Los Angeles-based Lefty Production Co. is adopting a new product lifecycle management (PLM) tool as it continues to explore ways to accelerate growth.
The U.S. apparel manufacturer has teamed with supply chain software firm Suuchi to digitize its operations. Suuchi’s PLM GRID serves as a collaborative hub where brands can interface with Lefty’s product development specialists, managing the conception of new designs and monitoring workflow throughout the production process.
Lefty will use the GRID to service its hundreds of nationwide clients through a centralized platform, Lefty co-founder and CEO Marta Miller told Sourcing Journal. With a soft launch in June and a full rollout this month, the Lefty’s clients have started to integrate the GRID into their day-to-day interactions with the manufacturer. Headquartered in the Los Angeles garment district, Lefty serves 180 clients including U.S. department stores, independent designers and influencers. Earlier this year it also purchased Austin-based product development firm Stitch Texas, which serves more than 75 clients in the Southern U.S. By 2023, Miller aims to get clients from both companies onboarded to the GRID.
Suuchi Ramesh founded Suuchi in 2016 as a sourcing platform connecting companies with global suppliers—including its own New Jersey factory. Since then, the firm has transitioned to creating PLM software for more than 20 industries, including apparel, footwear, beauty products and safety tools. Lefty represents one of the company’s foundational U.S. factory partners, and its most extensive U.S. integration to date.
Miller initially saw Suuchi as a rival to her full-service design and manufacturing firm, which specializes in helping customers created their own fashion line. But the seeds of partnership began to germinate after Suuchi exited the production space and began to focus solely on software. The two female founders recognized the potential to advance the growing U.S. production market with purpose-built technology. While differing time zones, language barriers and long lead times hamper overseas production, Lefty has attracted inquiries from U.S. brands looking to source closer to home.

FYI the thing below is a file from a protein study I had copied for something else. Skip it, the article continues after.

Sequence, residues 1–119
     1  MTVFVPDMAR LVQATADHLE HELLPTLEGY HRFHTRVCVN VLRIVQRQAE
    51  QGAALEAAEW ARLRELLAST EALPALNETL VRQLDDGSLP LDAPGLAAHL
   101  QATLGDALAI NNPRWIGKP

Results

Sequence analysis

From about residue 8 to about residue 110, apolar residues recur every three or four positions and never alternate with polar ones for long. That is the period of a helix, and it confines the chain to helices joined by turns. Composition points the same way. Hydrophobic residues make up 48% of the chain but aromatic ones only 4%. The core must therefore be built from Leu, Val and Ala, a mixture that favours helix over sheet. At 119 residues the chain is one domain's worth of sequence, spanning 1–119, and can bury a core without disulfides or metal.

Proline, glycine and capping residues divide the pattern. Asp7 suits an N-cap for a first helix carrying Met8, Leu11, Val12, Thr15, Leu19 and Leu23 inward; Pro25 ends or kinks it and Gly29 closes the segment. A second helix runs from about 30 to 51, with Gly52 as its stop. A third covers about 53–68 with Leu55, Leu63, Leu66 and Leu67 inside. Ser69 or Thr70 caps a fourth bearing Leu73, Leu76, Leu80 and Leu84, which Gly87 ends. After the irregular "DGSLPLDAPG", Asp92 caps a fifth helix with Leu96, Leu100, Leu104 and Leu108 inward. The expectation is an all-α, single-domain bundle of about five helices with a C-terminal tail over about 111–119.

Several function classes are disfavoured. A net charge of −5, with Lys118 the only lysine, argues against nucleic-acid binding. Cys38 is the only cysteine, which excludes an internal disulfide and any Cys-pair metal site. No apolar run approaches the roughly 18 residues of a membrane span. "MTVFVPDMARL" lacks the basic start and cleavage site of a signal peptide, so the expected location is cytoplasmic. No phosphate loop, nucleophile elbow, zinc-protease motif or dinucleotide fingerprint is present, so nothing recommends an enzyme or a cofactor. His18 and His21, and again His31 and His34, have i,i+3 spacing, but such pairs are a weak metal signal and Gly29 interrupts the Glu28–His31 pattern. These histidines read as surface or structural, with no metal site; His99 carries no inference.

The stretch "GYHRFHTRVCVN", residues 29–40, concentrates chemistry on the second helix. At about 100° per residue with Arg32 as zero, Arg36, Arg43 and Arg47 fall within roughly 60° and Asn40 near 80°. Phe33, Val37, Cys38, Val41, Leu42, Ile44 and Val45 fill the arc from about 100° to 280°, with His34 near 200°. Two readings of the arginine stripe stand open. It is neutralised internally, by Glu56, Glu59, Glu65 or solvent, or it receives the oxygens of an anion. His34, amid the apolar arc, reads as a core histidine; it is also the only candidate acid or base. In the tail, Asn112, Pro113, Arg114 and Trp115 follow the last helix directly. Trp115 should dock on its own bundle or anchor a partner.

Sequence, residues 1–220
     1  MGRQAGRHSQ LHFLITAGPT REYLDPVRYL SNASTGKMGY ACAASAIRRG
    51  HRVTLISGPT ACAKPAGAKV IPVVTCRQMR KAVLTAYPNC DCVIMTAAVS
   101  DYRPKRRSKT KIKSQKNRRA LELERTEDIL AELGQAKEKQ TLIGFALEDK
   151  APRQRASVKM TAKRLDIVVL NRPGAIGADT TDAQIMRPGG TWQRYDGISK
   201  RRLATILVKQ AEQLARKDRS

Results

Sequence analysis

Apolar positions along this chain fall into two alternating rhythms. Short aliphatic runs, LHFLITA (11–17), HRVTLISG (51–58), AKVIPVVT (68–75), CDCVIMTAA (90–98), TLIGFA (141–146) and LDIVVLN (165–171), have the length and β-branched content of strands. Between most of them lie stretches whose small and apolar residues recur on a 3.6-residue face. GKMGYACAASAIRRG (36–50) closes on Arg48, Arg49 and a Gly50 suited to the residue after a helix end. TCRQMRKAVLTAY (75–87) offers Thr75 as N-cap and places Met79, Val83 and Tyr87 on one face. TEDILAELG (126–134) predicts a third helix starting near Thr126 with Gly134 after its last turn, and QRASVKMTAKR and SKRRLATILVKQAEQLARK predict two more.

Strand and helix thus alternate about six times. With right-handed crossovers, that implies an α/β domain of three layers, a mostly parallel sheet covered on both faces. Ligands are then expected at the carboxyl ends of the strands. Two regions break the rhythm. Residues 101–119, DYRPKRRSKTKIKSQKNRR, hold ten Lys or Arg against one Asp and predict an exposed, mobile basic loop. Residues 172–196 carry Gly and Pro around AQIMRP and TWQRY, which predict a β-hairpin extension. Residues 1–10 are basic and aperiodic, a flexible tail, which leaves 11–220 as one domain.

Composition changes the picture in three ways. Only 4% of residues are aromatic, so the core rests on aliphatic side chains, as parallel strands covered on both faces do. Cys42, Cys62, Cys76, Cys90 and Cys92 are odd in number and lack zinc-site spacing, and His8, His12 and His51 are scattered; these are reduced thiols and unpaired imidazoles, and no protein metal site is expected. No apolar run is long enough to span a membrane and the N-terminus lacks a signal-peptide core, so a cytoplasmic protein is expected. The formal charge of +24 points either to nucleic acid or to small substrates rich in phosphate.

Suuchi’s GRID provides an “intuitive, transparent, user-friendly” virtual nucleus for work between multiple stakeholders, said Miller, who wants the platform to serve as a “single source of truth” for clients’ orders. Replacing email, texts and daily phone calls was imperative for Lefty as it continues to scale. For example, the company’s in-house designers can make changes and finalize garment details with a brand partner using the GRID chat tool, place and receive an order, and begin to track production in a single interaction. Synergy is especially important now that Miller is managing two businesses that often collaborate to design and produce garments.
“With Suuchi Inc.’s roots in sourcing, I have unique appreciation and huge respect for Marta’s leadership,” Ramesh said, noting that the company is working to turn “a legacy industry on its head.” Suuchi is also working to advance digitization in an industry once wedded to pen-and-paper processes. The “megatrends of just-in-time production, connected systems, vendor participation, nearshoring, and supply chains created for consumer demand” require the adoption and acceleration of new technologies, she said.